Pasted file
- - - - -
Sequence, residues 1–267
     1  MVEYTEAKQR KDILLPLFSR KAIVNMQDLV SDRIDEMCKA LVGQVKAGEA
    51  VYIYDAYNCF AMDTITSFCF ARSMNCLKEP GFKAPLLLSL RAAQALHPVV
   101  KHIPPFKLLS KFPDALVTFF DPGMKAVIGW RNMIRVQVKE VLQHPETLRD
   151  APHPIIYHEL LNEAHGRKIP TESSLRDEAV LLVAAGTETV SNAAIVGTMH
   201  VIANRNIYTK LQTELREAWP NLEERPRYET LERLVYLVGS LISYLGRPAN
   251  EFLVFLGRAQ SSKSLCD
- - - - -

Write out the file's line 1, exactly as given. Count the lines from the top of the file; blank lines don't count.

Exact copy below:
Sequence, residues 1–267